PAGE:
Most of the book describes Lucy's (a young woman working for a games developer in Edinburgh) experiences as she is sucked into a bizarre conspiracy which combines the politics of the Caucasus (this is in 2008, the year that tension between Russia and Georgia spilled over), family history, smuggling and the CIA. This is a fast moving strand and there is a good contrast drawn between the stoically ordinary Lucy (who has, though, a dramatic past) and a strange gallery of figures (some relatives) who appear to overturn her life. I was reminded a bit of the setup of a John Buchan novel (though the politics are much further Left). Perhaps the only jarring note here is how readily Lucy agrees to drop everything and go off on a quixotic mission in Krassnia, the Caucasian republic at the centre of things. But that may be explained in the denouement (difficult to say more without giving things away). "Restoration", it turns out, is a theme throughout the book, with a number of different levels of meaning.

But this is more than an action thriller. Framing the book is a different perspective, which recurs here and there in the main narrative, not being resolved until the very end. You can then go back and read the opening section with a completely different level of understanding.

It's all very deftly done, and if this is typical of MacLeod's work, I need to do some catching up with his earlier books. I'd be grateful suggestions about where best to start!
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VINE VOICEon 2 February 2013
This is my fifth Ken Macleod, his early books had great ideas, but the writing and plotting didn't always live up to them. However, I greatly enjoyed The Night Sessions: A Novel so gave this a go. Where The Night Sessions mixed detective and SF, this one takes us into the realms of the political thriller and post soviet politics. In fact for a while it's not clear whether this is an SF novel at all.

Other reviews will give synopsis of the plot, what I'd say is it is well written, with well drawn characters, but dips a bit in the middle. At times there is also a bit too much exposition - there is a lot to explain. But on the whole it's engaging and the ending satisfying, an enjoyable read.
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2 of 3 people found the following review helpful
on 5 August 2010
Ken MacLeod has produced a novel which incorporates post communist era turmoil in Eastern Europe; communist era intrigue, spying and oppression; revolution organisation; computer gaming; and Edinburgh.

I really enjoyed this book and was constantly fascinated by the plot twists and turns. The characters were excellently drawn and the riot scenes were realistic, as were the feelings and actions of people caught up on the fringes of the violence.

A really worthwhile read.

The Restoration Game continues Ken MacLeod's trend towards writing more "near future" tales where the policital environment is credible as something that could emerge in not too many years from now and the technology in common use is not significantly advanced to what exists today. (See "Execution Channel" and "Night Sessions".)

My problem now is the wait for Ken MacLeod's next novel.
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4 of 6 people found the following review helpful
on 8 July 2010
What an odd book. It starts at the end, takes a large number of detours, a few history lessons and then ends, Russian doll-like, back at the start.

It is, of course, well written, as you'd expect of a Ken Macleod novel. Narrated in the first person, singularly female, the story is set pretty much anywhere between Edinburgh and Auckland, but mainly happens in the small state of Krassnia, sandwiched somewhere between Georgia, Ossetia and Abkhazia.

Looking back on it, it is fairly obvious where it's going, but the tale seems to me to get a little bogged down in back-story, making it a bit hard going at times. It wasn't until half way through that the penny dropped, but that didn't stop my overall enjoyment.

It seems that what we've got here is one very powerful and interesting but not wholly original idea. And the idea does not really lend itself to a narrative. In that a story can be made of it at all is an achievement, and there are some appealing characters moving the action along, not least the heroine Lucy Stone. In the end, there is no great surprise. Still, putting that central idea into a narrative does allow Macleod to test out a few 'what if' scenarios and some of those are really fun. What if Spartacus's slave revolt had won? Would Latin still be the lingua franca? Would there be Romans on Mars?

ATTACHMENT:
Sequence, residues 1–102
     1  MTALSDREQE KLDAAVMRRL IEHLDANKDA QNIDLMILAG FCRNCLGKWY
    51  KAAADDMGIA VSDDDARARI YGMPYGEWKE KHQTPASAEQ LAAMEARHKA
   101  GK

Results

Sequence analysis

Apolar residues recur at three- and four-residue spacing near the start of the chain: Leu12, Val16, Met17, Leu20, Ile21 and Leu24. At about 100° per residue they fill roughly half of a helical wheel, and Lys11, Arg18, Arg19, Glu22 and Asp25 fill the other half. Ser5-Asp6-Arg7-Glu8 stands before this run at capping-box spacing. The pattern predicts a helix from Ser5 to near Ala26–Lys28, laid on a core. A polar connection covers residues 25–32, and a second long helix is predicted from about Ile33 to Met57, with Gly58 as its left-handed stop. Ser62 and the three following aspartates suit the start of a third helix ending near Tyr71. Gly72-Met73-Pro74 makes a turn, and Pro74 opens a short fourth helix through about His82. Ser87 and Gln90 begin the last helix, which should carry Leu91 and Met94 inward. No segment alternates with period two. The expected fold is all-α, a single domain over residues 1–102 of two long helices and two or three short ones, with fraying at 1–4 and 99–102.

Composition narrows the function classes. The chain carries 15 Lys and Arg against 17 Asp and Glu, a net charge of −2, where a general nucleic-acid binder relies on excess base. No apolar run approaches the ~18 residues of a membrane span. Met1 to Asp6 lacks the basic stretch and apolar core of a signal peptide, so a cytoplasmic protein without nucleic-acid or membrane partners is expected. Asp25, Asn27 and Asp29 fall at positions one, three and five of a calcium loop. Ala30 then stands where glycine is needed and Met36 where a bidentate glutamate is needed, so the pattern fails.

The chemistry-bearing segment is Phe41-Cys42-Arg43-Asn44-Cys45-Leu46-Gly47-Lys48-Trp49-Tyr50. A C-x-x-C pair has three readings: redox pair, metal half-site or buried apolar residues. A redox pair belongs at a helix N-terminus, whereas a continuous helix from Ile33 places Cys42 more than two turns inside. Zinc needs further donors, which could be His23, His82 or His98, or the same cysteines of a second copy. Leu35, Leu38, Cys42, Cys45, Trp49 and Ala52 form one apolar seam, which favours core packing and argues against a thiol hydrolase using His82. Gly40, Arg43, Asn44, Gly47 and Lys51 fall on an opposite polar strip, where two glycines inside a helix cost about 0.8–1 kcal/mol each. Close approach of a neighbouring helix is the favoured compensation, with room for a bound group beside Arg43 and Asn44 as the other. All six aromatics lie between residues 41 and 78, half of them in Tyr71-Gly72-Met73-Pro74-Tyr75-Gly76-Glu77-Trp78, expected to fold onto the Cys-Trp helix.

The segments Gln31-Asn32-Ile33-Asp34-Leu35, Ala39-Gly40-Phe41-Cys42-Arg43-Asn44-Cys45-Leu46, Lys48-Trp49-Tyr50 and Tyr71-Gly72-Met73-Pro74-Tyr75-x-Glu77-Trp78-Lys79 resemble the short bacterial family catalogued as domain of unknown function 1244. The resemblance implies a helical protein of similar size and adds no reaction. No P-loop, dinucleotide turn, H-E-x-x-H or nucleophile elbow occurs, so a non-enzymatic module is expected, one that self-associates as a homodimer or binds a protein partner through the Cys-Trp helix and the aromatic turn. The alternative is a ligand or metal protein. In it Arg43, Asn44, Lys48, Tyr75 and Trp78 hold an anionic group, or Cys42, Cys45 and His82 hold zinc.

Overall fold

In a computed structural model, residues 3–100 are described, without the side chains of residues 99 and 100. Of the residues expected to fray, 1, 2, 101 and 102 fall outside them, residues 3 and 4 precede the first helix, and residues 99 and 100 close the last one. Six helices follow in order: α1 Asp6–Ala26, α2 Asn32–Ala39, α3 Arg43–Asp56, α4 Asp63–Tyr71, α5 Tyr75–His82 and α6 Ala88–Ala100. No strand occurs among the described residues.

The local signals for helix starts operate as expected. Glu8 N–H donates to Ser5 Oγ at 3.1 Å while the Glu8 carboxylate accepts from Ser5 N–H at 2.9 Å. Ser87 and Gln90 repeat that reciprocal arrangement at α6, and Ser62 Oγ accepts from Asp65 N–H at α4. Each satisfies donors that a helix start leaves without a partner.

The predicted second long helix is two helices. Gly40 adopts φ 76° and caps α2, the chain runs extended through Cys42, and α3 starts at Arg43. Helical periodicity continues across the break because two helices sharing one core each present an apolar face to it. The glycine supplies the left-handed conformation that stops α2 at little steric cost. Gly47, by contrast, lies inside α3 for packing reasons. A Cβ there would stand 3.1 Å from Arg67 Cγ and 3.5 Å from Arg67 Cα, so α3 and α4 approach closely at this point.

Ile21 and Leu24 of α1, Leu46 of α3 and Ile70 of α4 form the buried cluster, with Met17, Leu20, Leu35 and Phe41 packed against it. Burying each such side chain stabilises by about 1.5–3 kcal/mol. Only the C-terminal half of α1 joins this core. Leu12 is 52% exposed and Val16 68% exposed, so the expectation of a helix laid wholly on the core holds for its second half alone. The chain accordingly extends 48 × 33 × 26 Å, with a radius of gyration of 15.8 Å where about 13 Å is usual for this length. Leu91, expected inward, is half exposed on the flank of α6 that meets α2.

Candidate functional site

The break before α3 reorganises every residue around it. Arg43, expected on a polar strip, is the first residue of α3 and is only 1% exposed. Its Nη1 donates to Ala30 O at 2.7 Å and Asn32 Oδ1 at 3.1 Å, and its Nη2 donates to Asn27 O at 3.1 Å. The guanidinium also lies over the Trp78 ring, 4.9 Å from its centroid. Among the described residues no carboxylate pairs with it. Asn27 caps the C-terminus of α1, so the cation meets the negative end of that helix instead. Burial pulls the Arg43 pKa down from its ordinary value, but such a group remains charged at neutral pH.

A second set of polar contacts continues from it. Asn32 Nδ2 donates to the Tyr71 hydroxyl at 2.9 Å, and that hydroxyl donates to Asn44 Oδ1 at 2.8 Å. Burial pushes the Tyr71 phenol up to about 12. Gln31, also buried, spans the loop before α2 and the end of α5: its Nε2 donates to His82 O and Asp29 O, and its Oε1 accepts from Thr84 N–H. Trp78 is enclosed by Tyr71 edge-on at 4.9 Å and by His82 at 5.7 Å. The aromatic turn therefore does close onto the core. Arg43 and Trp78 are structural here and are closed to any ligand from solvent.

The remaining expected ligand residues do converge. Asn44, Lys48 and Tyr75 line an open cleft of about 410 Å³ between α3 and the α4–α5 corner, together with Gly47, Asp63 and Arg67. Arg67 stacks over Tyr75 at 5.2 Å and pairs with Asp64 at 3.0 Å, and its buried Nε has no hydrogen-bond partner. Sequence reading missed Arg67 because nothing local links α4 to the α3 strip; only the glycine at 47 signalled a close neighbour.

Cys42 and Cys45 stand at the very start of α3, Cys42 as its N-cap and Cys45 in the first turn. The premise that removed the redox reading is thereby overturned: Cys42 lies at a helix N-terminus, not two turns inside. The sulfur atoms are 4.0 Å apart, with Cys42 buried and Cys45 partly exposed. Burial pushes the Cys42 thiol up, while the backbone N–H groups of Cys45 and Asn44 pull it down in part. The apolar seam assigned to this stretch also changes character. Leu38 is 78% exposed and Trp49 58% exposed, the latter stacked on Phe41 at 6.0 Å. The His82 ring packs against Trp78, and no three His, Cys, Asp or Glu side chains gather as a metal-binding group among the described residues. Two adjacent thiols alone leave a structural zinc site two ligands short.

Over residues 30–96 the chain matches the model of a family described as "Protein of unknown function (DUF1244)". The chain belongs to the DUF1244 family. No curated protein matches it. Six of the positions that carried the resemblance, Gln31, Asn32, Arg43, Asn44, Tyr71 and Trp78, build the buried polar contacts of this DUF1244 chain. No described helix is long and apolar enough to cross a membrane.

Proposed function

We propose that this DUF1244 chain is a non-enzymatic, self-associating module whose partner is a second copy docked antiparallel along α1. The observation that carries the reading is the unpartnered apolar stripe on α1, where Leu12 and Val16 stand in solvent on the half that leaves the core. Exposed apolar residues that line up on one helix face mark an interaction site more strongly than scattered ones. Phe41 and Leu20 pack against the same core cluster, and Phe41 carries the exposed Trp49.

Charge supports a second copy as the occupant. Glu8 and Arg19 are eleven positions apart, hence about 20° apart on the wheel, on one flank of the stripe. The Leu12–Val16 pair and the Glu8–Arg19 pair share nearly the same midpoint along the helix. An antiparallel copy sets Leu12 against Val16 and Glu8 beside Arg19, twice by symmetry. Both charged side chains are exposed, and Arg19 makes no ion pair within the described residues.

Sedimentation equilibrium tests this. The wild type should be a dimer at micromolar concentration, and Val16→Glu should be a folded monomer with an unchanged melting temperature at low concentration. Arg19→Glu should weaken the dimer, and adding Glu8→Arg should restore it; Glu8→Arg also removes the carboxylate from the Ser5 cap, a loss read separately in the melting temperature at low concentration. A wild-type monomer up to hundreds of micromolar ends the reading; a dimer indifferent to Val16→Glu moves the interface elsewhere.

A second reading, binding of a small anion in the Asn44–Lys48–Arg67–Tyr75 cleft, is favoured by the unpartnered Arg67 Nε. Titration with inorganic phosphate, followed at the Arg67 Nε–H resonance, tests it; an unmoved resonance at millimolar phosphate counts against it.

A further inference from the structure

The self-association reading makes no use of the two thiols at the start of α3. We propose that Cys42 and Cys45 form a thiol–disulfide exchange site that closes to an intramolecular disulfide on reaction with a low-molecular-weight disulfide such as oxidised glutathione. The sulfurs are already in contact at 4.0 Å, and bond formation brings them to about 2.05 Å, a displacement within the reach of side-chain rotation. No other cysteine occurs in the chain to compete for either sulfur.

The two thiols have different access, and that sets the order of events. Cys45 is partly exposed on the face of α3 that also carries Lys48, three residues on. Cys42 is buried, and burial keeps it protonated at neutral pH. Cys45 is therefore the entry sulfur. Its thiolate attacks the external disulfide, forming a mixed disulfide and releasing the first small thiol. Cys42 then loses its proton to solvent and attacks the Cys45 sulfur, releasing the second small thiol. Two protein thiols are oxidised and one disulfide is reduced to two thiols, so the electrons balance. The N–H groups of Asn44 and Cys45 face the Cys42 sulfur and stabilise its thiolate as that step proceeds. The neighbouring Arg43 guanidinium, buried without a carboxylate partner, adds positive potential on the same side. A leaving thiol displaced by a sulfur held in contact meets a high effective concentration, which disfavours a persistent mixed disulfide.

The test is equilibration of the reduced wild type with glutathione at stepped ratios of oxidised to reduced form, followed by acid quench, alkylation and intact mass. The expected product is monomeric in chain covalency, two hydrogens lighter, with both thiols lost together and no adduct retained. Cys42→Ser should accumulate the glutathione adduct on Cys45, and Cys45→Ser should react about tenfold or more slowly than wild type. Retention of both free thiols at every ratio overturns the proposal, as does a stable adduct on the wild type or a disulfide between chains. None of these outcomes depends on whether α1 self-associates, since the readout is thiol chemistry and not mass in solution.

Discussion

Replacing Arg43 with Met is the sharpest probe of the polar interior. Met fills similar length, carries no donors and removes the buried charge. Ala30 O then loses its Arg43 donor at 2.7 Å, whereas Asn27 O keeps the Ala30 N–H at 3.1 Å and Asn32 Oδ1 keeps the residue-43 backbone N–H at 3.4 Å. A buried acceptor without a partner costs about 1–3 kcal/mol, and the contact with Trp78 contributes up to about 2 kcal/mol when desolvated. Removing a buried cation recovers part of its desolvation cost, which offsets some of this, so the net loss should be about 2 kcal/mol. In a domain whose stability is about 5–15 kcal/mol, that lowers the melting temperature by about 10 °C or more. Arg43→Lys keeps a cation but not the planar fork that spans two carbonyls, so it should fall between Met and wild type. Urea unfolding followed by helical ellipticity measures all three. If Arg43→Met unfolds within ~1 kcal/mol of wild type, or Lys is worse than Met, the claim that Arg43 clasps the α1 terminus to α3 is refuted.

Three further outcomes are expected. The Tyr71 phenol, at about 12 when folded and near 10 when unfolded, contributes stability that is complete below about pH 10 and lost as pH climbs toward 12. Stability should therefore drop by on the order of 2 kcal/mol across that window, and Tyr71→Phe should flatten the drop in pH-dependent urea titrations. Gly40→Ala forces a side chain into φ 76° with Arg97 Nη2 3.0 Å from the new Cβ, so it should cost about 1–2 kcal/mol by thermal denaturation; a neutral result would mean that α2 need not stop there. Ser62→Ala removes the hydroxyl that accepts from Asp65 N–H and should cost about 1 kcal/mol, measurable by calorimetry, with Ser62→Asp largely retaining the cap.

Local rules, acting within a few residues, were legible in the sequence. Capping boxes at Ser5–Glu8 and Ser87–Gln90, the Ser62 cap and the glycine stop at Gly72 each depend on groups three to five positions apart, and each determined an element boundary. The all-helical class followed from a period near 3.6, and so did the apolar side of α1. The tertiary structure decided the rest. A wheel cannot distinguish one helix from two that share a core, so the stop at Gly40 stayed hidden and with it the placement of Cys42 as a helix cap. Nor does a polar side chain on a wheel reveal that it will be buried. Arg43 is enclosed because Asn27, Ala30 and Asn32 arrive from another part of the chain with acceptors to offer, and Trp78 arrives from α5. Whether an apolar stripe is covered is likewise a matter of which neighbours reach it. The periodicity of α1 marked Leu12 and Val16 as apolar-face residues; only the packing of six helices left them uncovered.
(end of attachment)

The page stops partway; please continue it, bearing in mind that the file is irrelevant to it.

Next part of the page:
There are several references to external events and characters - apart from Georgia and Ossetia, there are, for example, references to Slartibartfast,Lord of the Rings,Life Of Brian and many others. These, along with the possible 'alternate worlds' and the implied conspiracy theories (around an ancient tribe called the 'Vrai' - french for 'truth') give some thought-provoking perspectives on the central idea. Lucy Stone's uncertainty over who her father is, what her 'history' is, is also clearly a metaphor.

In the end, though, I'm reminded of Slartibartfast's response to Arthur Dent:
Arthur: All my life I've had this strange feeling that there's something big and sinister going on in the world.
Slartibartfast: No, that's perfectly normal paranoia. Everyone in the universe gets that.

It's a good read. Maybe not Ken Macleod's greatest, but still worth it.
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1 of 2 people found the following review helpful
on 20 August 2013
I found this story gripping throughout, but ultimately disappointing. The first chapter gives away the entire science fictional basis for the tale, and the rest of it reads rather like a cold war thriller. Whilst it was very interesting to learn about Lucy Stone and her ancestry, I was much more interested in the "Krassnian Truth" and its obvious relationship to the first chapter. The info dumps on transcaucasion politics and history were also interesting , if laborious to read, but certain things jarred. What the hell was a "leatherman juice" for example? I had to google it. Gratuitious product placement in sci fi stories really gets on my nerves, particularly when unexplained. I dont even recall if she actually used the thing.

But anyway.

The story cracks on and she discovers her true parentage and gets zapped by an orbital kinetic weapon - splendid! Things finally get exciting, but just when you think its about to really kick off, its finished! She gets a quick visit from the higher whatsit, a brief explanation and thats it. Phut. Not the kind of damp squib I would expect from the brilliant Ken Macleod.
The sci fi premise of this story was done far better by Daniel F Galouye in Simulacron 3.